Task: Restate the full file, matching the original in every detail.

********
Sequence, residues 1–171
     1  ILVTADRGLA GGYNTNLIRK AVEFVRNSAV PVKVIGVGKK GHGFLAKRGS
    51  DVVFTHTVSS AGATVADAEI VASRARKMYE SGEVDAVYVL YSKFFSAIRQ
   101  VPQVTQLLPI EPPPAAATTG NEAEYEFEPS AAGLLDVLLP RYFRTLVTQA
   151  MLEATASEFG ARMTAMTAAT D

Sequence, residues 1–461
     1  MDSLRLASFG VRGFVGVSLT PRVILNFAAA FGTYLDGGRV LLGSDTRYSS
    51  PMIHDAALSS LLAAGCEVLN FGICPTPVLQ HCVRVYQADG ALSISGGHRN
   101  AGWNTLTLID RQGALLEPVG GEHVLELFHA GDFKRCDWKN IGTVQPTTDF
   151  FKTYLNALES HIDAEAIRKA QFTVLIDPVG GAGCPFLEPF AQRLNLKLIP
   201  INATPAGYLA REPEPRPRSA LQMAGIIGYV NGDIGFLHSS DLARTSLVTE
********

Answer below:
Sequence, residues 1–171
     1  ILVTADRGLA GGYNTNLIRK AVEFVRNSAV PVKVIGVGKK GHGFLAKRGS
    51  DVVFTHTVSS AGATVADAEI VASRARKMYE SGEVDAVYVL YSKFFSAIRQ
   101  VPQVTQLLPI EPPPAAATTG NEAEYEFEPS AAGLLDVLLP RYFRTLVTQA
   151  MLEATASEFG ARMTAMTAAT D

Sequence, residues 1–461
     1  MDSLRLASFG VRGFVGVSLT PRVILNFAAA FGTYLDGGRV LLGSDTRYSS
    51  PMIHDAALSS LLAAGCEVLN FGICPTPVLQ HCVRVYQADG ALSISGGHRN
   101  AGWNTLTLID RQGALLEPVG GEHVLELFHA GDFKRCDWKN IGTVQPTTDF
   151  FKTYLNALES HIDAEAIRKA QFTVLIDPVG GAGCPFLEPF AQRLNLKLIP
   201  INATPAGYLA REPEPRPRSA LQMAGIIGYV NGDIGFLHSS DLARTSLVTE